13 Mar

Center Bans Import, Breeding & Sale of “Dangerous” Dog Breeds

UPDATE: Delhi High Court Overturns Centre’s Ban on ‘Dangerous’ & ‘Ferocious’ Dog Breeds

UPDATE: The Karnataka High Court has revoked the Central Government’s ban on 23 “Dangerous” or “ferocious” dog breeds, stating that “none of the stakeholders” were consulted during the decision-making process, especially pet owners and groups that represent pet owners.

New Delhi: Considering several fatalities caused by ferocious dog attacks, the Center has banned on the breeding, import, and sale of “ferocious” dog breeds like Pit Bulls, rottweilers, wolf dogs, and mastiffs. Such breeds are considered dangerous, and the center has now banned people from keeping such breeds as pets or any other purposes, stating they are “dangerous for human life”. The ban also extends to crossbreed dogs born from one or more of these breeds.

The department of animal husbandry and dairying requested local bodies not to issue licenses or permits for the sale or breeding of such dogs in a letter to states. The advisory comes after a report by a committee of experts and various animal welfare bodies was set up after an order by Delhi High Court. The department also said dangerous dog breeds already being kept as pets will be neutered/spayed to prohibit further breeding.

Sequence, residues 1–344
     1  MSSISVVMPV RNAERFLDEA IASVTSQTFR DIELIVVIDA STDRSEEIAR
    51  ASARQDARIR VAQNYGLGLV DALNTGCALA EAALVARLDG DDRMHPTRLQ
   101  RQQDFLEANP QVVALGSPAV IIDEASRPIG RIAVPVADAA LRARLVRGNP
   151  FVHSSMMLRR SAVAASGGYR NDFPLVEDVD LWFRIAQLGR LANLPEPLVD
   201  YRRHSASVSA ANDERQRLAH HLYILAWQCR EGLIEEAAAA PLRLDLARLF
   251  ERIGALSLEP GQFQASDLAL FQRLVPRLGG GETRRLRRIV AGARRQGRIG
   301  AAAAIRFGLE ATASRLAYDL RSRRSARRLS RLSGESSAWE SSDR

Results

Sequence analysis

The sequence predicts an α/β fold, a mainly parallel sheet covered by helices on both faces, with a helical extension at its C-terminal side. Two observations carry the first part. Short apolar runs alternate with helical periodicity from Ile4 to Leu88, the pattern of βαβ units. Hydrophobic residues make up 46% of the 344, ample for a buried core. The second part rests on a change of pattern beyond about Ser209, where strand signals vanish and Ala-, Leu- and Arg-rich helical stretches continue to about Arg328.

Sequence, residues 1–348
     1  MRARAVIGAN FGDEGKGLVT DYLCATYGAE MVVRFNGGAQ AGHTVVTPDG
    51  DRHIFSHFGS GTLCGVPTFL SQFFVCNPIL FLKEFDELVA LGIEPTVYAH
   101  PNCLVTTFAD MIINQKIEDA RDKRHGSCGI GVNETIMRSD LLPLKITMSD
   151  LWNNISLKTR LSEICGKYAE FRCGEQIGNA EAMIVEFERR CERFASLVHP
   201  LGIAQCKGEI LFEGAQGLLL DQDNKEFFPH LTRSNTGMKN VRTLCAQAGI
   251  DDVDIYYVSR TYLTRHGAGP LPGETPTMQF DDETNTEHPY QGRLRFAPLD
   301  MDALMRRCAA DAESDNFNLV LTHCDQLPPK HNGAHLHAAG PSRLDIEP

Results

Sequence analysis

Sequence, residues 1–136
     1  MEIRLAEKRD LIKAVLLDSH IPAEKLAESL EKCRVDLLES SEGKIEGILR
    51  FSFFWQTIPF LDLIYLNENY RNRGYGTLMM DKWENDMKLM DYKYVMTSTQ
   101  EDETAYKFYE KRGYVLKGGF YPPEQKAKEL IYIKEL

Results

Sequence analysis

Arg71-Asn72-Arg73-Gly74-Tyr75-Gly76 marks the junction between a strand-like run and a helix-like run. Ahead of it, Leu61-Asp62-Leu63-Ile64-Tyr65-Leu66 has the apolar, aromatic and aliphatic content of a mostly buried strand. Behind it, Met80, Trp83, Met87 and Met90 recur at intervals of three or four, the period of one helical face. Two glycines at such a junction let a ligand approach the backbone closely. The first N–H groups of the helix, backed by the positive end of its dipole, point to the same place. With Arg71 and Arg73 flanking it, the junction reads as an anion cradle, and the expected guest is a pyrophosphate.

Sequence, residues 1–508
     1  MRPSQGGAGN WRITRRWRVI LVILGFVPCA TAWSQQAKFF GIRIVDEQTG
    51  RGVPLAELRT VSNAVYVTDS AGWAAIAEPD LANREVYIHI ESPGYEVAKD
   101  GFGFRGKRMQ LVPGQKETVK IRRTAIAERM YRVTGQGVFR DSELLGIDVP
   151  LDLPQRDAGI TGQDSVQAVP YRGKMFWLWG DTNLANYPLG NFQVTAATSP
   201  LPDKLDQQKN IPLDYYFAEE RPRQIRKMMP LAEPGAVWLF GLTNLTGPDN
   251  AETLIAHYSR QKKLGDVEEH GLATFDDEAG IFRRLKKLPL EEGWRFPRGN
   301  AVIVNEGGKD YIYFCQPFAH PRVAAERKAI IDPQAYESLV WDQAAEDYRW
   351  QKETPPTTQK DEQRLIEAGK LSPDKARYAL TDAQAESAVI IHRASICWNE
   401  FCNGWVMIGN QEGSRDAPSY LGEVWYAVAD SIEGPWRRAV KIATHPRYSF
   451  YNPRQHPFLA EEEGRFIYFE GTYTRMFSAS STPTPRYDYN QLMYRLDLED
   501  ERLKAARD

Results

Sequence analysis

According to an official release, the list of dangerous dog breeds (including mixed and cross breeds) include the Pitbull Terrier, Tosa Inu, American Staffordshire Terrier, Fila Brasileiro, Dogo Argentino, American Bulldog, Boesboel, Kangal, Central Asian Shepher Dog, Caucacian Shepherd Dog, South Russian Shepherd Dog, Tornjak, Sarplaninac, Japanese Tosa, Japanese Akits, Mastiffs, Rottweilers, Terriers, Rhodesian Rideback, Wolf Dogs, Canario, Akbash, Moscow Guard, Cane Corso, every breed of Bandog. "The local bodies may also issue necessary implementation guidelines," the letter said. The letter to states also drew attention to citizens and animal welfare organizations regarding the Delhi HC’s orders of banning such breeds as pets. 

Delhi HC, in its order of December 6, 2023, had stated, “That after consulting all stakeholders, the Union of India shall decide petitioner's representation as expeditiously possible, preferably, within three months”. The government has also requested states to ensure the Prevention of Cruelty to Animals Rules 2017 (regarding dog breeding and marketing) and Prevention of Cruelty to Animals Rules 2018 (Pet Shop) are implemented properly by the relevant state and local animal welfare boards. 



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